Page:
 The House committee focused on implementing the nation's new health care law will decide whether to formally introduce a proposed alternative to Medicaid expansion. The plan, sponsored by Rep. Richard Corcoran, R-Land O' Lakes, would create state subsidies to help up to 130,000 people afford basic health coverage. This plan rejects federal funding, leading Gov. Rick Scott to call it "a double-hit to state taxpayers."
 The Senate Ethics and Elections Committee takes up a long list of the governor's appointees up for confirmation. Two are expected to draw some heat: Public Service Commissioner Lisa Edgar and Barbara Stern, a Fort Lauderdale attorney who has been appointed to the Florida Elections Commission. Stern rents an apartment to Sen. Maria Sachs, D-Delray Beach, to help her establish residency in her district.
 The Senate Judiciary Committee takes up 15 bills trying to get to the Senate floor by session's end. They include a measure requiring physicians to provide medical care to a baby who survives an attempted abortion (SB 1636) and another that expands the definition of open house party to include property. SB 874 states that a property owner must take reasonable steps at a party to prevent underage attendees from drinking alcohol or taking drugs on their property.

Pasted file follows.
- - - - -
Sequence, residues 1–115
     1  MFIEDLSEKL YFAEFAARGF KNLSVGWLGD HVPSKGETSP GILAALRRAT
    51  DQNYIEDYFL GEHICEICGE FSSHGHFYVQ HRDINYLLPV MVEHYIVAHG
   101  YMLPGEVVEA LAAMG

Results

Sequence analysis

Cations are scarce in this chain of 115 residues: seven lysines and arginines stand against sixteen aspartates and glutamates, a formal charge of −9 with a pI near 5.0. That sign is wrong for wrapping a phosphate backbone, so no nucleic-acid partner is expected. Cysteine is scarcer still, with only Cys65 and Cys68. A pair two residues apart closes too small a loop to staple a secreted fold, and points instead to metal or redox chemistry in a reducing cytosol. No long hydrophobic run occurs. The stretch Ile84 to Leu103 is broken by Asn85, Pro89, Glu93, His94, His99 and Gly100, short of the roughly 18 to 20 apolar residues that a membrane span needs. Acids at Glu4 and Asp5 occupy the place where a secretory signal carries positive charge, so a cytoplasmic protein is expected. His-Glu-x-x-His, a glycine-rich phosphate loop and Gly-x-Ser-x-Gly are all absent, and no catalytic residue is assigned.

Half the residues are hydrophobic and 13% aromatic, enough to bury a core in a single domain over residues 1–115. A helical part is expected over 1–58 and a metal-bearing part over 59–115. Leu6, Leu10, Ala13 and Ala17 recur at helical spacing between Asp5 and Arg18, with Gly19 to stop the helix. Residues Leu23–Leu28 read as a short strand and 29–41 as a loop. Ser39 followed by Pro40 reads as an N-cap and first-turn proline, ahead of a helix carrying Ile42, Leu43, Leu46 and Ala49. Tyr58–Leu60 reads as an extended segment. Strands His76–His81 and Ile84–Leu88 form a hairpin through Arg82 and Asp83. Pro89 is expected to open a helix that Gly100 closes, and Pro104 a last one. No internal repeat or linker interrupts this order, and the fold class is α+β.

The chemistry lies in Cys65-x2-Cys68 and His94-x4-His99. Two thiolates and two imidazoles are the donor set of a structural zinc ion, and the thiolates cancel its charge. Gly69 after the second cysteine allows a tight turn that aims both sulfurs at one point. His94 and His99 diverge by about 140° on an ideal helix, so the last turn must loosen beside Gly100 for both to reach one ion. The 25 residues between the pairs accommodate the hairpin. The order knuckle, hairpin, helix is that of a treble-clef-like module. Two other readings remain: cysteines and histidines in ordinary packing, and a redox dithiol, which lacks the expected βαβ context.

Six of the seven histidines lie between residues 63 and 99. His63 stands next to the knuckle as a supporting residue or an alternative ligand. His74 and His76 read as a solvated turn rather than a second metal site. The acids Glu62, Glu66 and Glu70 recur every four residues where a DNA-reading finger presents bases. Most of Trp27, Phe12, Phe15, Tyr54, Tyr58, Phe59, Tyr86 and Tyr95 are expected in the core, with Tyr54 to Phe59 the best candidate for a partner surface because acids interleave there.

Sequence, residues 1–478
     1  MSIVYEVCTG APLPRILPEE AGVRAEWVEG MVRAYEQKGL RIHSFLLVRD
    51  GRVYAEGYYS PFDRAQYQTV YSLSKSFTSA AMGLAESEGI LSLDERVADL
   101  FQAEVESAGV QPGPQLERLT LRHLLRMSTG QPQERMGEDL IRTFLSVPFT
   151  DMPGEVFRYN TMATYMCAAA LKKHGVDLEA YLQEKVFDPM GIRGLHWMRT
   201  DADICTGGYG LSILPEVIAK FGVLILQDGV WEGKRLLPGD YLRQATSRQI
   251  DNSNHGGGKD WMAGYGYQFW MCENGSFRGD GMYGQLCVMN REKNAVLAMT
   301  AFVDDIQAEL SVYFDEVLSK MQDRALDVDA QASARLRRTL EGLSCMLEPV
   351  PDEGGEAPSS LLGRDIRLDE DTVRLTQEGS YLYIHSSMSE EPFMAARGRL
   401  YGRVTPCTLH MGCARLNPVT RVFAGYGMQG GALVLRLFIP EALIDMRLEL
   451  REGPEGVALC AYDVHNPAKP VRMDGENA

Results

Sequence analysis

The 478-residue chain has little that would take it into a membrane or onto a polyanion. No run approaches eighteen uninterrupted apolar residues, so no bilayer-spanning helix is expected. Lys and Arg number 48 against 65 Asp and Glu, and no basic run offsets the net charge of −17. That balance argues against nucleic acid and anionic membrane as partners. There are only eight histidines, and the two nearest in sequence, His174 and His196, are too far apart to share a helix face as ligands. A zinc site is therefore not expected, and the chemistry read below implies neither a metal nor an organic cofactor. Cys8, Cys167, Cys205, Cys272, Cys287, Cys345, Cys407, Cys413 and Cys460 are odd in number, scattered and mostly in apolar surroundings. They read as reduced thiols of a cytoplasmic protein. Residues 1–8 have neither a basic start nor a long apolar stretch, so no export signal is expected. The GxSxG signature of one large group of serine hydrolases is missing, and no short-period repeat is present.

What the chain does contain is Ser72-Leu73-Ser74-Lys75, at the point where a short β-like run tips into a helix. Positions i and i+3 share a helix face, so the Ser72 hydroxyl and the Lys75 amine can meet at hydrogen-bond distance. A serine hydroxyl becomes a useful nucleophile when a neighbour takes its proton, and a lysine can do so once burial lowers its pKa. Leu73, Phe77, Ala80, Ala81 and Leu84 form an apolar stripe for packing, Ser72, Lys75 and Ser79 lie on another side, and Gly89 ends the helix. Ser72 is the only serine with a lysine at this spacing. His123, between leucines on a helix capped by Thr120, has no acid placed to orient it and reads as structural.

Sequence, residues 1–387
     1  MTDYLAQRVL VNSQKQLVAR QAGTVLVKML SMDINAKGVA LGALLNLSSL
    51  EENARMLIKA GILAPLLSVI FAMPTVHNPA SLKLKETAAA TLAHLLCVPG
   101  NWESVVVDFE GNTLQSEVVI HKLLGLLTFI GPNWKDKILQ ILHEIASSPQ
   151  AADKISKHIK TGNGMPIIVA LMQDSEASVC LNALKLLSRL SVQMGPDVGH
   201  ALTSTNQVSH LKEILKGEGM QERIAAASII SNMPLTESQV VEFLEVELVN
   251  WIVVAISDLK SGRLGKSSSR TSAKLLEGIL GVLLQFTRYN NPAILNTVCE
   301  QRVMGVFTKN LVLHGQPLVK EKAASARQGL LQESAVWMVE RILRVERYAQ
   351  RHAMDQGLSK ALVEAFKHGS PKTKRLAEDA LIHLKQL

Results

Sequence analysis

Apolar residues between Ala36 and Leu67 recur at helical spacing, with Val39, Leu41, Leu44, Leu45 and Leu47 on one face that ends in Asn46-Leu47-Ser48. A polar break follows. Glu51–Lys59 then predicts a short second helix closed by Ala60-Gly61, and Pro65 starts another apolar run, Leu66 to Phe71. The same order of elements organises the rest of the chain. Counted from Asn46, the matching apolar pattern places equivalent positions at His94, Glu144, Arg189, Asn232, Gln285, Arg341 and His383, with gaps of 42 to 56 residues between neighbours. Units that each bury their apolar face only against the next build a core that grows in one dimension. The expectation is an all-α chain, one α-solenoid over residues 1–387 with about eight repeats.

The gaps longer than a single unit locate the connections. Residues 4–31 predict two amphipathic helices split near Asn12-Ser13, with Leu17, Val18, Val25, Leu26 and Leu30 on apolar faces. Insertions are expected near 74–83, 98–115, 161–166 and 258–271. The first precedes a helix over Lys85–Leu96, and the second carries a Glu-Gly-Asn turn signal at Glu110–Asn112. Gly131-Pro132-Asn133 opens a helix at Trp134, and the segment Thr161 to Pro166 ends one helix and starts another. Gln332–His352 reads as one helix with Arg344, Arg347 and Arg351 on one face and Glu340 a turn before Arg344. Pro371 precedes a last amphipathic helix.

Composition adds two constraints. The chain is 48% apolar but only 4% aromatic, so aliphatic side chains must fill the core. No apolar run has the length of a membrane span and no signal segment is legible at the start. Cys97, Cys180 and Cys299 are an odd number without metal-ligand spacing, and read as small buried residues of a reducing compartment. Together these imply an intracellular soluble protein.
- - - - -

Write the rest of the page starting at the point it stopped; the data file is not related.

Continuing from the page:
 The Senate Criminal Justice Committee takes up a bill that would lead to approval for a five-year pilot program to legalize syringe and needle exchange programs in Miami-Dade County. The Senate version (SB 808) is sponsored by Sen. Gwen Margolis, D-Miami. The aim is to increase public safety by reducing the transmission of diseases among injection drug users.
 A bill allowing nurse practitioners and physician assistants to order the involuntary examination of a person under the Baker Act (SB 110) is slated for a hearing among a slew of other bills in the Senate Children, Families and Elder Affairs Committee. Currently, only physicians, clinical psychologists and other social workers and therapists are allowed to issue the examination.